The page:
The Internet has opened a world of opportunity for everyone. In fact, the Internet served as an office place for many of us over the last year and a half. It’s easy to access, easy to use, and holds numerous educational and entertainment benefits. However, it also has created an entire new crime category: internet crime. Let’s discuss some of the most common online crimes, and what is at risk if you are arrested for one of these offenses.
The Internet is a common tool in a lot of fraud crimes. The FBI continuously investigates cases of internet fraud, including:
- Data breaches: secured data being leaked to hackers, usually exposing sensitive or confidential information without authorization.
- Account compromises: e-mail, social media, and other important accounts may be broken into, exposing personal and/or financial information.
- Phishing: impersonating a legitimate business in order to get money or personal information from unsuspecting users.
- Ransomware: malware that can take over an individual or organization’s network, locking them out of their data. The perpetrator typically requests payment in exchange for the victim getting their access back.
Other types of fraud crimes may occur online while not specifically targeting online information.
- Gambling crimes
- Tax fraud
- Identity theft
- Bank fraud
You can access just about any type of media through the Internet: songs, TV shows, books, movies, podcasts, and more. Many services require you to either pay a one-time fee or a monthly subscription price to access the media of your choice. However, many people have found ways to skirt these requirements and gain access for free. This is a crime called piracy. The person or organization that makes the media accessible for free may also be held responsible forillegal media distribution.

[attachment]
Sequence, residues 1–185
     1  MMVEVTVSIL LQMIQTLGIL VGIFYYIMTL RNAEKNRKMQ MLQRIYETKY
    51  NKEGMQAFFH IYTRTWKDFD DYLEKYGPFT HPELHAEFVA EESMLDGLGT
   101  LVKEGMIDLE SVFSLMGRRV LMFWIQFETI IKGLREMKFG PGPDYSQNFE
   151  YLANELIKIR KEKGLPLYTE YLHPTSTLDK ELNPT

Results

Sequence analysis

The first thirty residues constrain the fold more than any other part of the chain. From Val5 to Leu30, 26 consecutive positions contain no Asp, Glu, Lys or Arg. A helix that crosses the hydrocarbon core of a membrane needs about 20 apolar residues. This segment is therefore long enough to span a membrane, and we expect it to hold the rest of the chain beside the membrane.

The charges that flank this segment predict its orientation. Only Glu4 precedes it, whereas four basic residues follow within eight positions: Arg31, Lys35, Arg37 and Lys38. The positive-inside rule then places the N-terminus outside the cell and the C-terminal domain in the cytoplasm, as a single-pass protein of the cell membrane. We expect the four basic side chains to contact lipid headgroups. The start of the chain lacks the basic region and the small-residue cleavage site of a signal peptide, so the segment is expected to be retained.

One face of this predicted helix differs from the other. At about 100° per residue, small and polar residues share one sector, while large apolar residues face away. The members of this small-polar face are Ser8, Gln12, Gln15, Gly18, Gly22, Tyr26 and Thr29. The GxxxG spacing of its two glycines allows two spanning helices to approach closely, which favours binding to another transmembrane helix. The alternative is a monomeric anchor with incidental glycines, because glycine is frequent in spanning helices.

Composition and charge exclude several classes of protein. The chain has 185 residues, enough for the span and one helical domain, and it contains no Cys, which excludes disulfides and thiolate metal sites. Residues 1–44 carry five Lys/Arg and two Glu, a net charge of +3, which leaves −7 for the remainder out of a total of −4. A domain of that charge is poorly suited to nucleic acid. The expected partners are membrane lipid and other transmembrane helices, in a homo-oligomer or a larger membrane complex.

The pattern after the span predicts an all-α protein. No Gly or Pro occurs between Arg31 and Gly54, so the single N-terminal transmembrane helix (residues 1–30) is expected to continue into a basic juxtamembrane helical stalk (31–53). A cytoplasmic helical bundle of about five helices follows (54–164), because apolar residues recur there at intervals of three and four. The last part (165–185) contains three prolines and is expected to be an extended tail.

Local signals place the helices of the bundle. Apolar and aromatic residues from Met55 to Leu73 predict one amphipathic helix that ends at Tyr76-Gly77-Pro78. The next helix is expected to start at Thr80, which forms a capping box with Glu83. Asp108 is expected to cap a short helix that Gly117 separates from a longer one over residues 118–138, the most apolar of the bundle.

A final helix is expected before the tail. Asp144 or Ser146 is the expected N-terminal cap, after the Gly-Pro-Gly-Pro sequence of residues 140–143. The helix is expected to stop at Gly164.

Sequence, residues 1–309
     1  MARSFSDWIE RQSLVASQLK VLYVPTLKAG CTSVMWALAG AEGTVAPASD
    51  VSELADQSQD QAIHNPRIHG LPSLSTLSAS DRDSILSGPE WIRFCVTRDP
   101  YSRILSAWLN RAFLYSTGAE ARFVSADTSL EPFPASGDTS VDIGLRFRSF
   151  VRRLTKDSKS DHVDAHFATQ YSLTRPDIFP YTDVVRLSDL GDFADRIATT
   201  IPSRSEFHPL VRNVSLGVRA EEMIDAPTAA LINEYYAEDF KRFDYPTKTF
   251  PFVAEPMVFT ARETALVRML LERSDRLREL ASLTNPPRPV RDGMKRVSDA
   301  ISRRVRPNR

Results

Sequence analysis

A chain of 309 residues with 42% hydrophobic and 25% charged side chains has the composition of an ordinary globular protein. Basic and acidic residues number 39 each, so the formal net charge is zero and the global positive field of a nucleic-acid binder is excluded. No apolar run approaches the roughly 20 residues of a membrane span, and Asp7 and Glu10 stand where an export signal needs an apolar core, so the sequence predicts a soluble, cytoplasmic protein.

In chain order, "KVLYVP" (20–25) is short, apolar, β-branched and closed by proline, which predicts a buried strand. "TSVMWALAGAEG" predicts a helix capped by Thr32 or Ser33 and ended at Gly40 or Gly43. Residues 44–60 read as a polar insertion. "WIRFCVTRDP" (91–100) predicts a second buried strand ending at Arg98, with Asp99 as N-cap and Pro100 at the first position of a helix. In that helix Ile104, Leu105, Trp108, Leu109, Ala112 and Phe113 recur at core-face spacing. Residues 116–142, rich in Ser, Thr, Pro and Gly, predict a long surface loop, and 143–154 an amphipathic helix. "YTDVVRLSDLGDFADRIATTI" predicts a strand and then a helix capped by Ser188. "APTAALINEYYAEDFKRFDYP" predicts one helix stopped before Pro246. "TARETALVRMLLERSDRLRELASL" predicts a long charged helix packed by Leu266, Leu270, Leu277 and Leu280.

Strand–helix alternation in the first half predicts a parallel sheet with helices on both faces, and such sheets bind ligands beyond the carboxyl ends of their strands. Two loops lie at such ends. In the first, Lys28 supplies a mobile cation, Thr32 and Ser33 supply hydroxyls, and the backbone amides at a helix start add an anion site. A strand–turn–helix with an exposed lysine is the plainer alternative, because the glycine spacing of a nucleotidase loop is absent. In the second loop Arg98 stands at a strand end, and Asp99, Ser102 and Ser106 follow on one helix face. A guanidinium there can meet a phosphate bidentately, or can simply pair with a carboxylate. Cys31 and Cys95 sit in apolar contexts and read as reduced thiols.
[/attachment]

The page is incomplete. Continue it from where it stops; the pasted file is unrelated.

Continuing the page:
Additionally, some people commit copyright infringement online. In fact, you may have even done this unknowingly. Copyright infringement is when individuals use other people’s work as their own. For example, taking a graphic design that someone else made and, without permission, selling it on your own website. Individuals using other people’s work online should always be sure they are taking the necessary steps to gain rights to use the copyrighted material from the copyright holder.
Most pornography online is perfectly legal to view. However, it’s important to know what types of content can get you in legal trouble.
- Viewing or downloading child pornography
- Distributing child pornography
- Publishing ‘revenge’ pornography
A pornography-related conviction will not only result in criminal penalties, but will also likely require you to register as a sex offender for many years.
Florida Computer Crimes Act
Florida’s Computer Crimes Act seeks to punish individuals who commit online crimes either against users or intellectual property.
This act states that the following are criminal offenses:
- Willfully introducing a computer contaminant to attack a computer system or network.
- Destroying data or programs on a computer
- Stealing data that is considered to be a trade secret
- Accessing an unauthorized computer or computer network
- Engages in unauthorized surveillance of someone through their computer network
This is a shortlist of actions condemned by the Florida Computer Crimes Act. For more information, view the legislature here.
In Florida, nearly all cybercrimes are considered felony offenses. It may be considered a first, second, or third-degree felony, depending on the circumstances of the crime.
If convicted of an Internet crime, you face:
- Jail time
- Expensive fines
- Potential sex offender registration
Miami Internet Crimes Attorneys
Even though online crimes don’t cause physical harm, they are still aggressively prosecuted in Florida. If you are facing online crime charges, contact our team at Jeffrey S. Weiner, P.A. as soon as possible. We have over 50 years of legal experience and are here to help you fight your charges.